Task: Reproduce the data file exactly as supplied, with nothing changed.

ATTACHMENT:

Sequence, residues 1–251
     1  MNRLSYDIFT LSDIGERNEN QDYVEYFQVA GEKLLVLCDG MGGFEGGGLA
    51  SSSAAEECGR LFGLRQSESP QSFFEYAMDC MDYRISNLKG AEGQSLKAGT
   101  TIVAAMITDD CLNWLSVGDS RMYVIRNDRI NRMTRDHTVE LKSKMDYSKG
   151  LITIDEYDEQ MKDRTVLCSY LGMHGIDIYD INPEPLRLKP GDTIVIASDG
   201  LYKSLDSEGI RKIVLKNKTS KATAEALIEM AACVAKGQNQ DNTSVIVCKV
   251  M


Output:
Sequence, residues 1–251
     1  MNRLSYDIFT LSDIGERNEN QDYVEYFQVA GEKLLVLCDG MGGFEGGGLA
    51  SSSAAEECGR LFGLRQSESP QSFFEYAMDC MDYRISNLKG AEGQSLKAGT
   101  TIVAAMITDD CLNWLSVGDS RMYVIRNDRI NRMTRDHTVE LKSKMDYSKG
   151  LITIDEYDEQ MKDRTVLCSY LGMHGIDIYD INPEPLRLKP GDTIVIASDG
   201  LYKSLDSEGI RKIVLKNKTS KATAEALIEM AACVAKGQNQ DNTSVIVCKV
   251  M